According to the wiki, I put up the prospectus for Orlando Trash on June 6th, 2006.
“Mickey Rourke is in this movie. Val Kilmer is in this movie. It’s directed by Michael Mann, or maybe Tony Scott. But it’s not The Hunger. Luis Guzman has a role as a shiftless drifter who erupts into surprising bursts of violence.”
Hm. I never did get Luis Guzman into the movie, but in retrospect that was just as well. Danny Trejo made it in.
This is the first campaign I’ve ever run to completion. I planned for it to last about one long story-arc; this was really liberating in that I didn’t worry about handing out experience too quickly, and I didn’t worry about whether or not the world would be playable long term. I just went full speed ahead with whatever caught my eye, following the leads of the PCs, and it worked like a charm.
Things I concentrated on:
Cool NPCs. I do good NPCs, so I wanted to let that shine. (Also I’m modest.) I like to think I have a strong range of voices, and since every NPC was played by a well-known actor, it was even easier to make the characters memorable. I had to pull off imitations of Val Kilmer, Meryl Streep, and Nathan Lane — sometimes in the same scene — but I was pretty sure I could do that.
Big blatant plots. It turns out that it’s almost never a lose to telegraph stuff from a mile away, and it’s always easy to turn around and surprise players when you need to. Also, I have a tendency to automatically do mystery plots, and I wanted this to be an action flick rather than a detective thriller. So while I wrote in a certain amount of mystery, I never wanted it to be too mysterious — answers weren’t ever that far away. It is not my fault that the players occasionally decided to kill the source of the answers.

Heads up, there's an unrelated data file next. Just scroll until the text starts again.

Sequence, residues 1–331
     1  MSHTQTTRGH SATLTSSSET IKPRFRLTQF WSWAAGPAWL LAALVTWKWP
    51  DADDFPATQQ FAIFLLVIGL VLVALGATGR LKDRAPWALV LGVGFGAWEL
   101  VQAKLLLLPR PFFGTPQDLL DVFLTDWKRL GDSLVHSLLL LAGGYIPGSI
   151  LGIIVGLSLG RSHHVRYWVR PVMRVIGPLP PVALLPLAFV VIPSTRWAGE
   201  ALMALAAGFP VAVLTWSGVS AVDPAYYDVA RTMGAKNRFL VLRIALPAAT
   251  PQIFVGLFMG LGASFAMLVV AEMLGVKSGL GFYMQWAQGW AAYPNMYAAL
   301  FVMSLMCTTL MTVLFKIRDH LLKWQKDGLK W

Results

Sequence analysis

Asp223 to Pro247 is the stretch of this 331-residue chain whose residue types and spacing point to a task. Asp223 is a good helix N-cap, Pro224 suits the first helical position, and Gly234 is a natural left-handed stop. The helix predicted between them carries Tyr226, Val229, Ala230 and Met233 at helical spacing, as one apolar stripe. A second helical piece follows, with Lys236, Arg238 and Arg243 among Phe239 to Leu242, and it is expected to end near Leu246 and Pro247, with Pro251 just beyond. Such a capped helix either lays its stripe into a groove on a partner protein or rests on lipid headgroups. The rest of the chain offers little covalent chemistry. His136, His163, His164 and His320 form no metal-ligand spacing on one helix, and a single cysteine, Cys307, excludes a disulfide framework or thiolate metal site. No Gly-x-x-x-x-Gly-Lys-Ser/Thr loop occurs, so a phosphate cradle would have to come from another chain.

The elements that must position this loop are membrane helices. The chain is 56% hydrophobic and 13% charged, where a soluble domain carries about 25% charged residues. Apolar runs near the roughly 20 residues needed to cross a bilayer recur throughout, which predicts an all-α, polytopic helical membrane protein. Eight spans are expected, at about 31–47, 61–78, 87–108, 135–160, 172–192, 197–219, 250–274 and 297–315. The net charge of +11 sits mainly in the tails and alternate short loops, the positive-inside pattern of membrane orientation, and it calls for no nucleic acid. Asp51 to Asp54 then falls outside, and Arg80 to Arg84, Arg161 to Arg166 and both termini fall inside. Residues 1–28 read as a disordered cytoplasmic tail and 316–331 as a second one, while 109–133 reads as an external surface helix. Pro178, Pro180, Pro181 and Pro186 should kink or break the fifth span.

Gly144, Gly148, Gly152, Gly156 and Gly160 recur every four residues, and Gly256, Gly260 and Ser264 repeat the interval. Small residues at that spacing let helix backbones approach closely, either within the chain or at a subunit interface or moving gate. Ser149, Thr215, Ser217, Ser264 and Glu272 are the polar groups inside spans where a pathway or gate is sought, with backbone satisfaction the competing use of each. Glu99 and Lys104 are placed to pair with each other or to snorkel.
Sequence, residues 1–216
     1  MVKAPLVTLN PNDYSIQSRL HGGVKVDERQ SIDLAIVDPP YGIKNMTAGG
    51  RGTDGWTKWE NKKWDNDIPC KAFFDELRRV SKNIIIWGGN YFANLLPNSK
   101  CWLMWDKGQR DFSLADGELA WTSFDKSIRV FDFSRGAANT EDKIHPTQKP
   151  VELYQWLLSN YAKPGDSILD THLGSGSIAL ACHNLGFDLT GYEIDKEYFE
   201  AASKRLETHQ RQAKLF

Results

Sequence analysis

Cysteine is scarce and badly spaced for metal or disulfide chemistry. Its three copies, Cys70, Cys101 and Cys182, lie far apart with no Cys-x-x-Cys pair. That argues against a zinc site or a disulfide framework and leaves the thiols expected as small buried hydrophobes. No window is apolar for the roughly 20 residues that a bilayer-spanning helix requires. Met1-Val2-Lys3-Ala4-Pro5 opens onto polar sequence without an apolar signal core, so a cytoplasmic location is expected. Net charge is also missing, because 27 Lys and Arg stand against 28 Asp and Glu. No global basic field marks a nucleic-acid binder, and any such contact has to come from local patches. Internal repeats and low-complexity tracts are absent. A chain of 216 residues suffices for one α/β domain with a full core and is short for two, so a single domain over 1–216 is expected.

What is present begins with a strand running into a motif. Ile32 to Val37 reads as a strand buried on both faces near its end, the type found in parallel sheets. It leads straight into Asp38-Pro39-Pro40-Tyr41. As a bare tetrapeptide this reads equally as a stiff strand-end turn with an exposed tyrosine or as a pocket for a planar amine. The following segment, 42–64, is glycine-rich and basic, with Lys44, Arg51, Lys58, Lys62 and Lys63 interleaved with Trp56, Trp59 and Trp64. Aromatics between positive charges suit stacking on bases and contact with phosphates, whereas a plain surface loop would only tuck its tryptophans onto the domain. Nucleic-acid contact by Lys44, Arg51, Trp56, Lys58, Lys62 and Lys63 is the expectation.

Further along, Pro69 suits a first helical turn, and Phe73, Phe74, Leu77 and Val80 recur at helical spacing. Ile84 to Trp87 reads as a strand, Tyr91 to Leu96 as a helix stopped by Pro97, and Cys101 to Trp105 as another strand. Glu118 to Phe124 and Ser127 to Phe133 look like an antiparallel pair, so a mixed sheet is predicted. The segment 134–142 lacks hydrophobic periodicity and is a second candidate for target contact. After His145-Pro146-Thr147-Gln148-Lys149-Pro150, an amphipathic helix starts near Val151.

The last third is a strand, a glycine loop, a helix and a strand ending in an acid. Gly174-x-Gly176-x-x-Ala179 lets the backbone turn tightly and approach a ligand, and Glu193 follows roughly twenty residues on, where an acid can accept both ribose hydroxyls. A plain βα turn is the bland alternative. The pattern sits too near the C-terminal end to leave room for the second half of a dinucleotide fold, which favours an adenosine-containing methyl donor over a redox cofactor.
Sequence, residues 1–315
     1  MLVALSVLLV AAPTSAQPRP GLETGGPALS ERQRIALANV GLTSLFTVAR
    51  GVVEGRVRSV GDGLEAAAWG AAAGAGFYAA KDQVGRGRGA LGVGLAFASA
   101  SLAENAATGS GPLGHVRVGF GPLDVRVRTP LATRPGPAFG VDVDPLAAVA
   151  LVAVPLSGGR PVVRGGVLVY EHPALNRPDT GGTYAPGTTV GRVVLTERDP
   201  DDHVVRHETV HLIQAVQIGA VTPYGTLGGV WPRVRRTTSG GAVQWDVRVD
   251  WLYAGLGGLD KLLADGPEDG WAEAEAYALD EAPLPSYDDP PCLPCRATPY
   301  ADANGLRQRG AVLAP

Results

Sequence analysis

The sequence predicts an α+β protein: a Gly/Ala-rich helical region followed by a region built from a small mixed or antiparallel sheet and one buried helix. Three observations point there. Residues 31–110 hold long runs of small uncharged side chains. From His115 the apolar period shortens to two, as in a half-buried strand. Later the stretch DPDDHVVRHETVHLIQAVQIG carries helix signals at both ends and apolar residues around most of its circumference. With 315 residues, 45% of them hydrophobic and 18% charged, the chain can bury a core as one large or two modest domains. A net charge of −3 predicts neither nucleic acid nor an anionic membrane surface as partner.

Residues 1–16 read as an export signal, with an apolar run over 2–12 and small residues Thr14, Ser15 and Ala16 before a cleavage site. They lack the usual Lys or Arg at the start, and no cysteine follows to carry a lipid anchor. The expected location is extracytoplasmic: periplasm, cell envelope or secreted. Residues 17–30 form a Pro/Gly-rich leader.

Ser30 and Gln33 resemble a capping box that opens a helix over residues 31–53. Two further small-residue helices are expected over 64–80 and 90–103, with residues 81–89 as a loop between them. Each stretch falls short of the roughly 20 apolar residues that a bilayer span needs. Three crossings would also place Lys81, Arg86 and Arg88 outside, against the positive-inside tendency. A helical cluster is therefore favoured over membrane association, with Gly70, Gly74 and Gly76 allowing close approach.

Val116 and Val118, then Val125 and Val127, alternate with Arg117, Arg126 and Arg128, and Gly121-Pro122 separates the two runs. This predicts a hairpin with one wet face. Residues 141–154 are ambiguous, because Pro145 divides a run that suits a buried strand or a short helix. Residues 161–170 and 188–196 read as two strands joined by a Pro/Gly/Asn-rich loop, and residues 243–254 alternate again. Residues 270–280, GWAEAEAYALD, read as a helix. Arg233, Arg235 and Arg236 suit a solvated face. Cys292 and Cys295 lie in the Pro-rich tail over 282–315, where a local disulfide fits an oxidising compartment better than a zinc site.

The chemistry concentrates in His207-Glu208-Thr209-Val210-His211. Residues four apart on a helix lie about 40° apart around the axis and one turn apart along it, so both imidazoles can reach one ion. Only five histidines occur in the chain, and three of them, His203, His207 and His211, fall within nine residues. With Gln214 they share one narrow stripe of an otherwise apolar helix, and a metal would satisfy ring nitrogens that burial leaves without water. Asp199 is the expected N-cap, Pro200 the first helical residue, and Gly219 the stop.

Balance between shooting things and talking. Given our approximately 3-4 hour session time, a good fight wound up taking up most of the session, as I discovered a few sessions in. That meant, to me, that the right thing to do was to throw in a chance for a good fight scene every two or three sessions. I think that worked well. I could have stepped up the fight scenes if the group had seemed to want more of them.
Player-driven. I let ’em do what they wanted, and it all worked out okay. I was ready for just about any turn of events, although I would have been sad if the group had split up. But I was ready for their allegiances to go wherever, I had spurs to push them back towards the action as needed — I was a leaf in the river of their plot interests. Boo yah.
Things I want to do better next time:
Foreshadowing. Example: in the last session, I pulled out Jack Trash’s body, and that was cool, and I showed them a letter clarifying a couple of issues. Also cool. But it would have been better if I’d pulled out Trash’s corpse in the previous session.
This goes with planning; I didn’t really have an overarching plan. I had a few key NPCs with strong motivations, and I let the world react to what the PCs do. Good for me for empowering the PCs and avoiding railroading, but it meant there wasn’t as much build as I woulda liked. I think the way to fix this is to have some cool multi-session things in mind, and remembering to drop the setup scene in there.
I’d also like to take more advantage of player backgrounds. I didn’t pay enough attention to that, particularly in Teo’s case.
But all in all? Quite happy.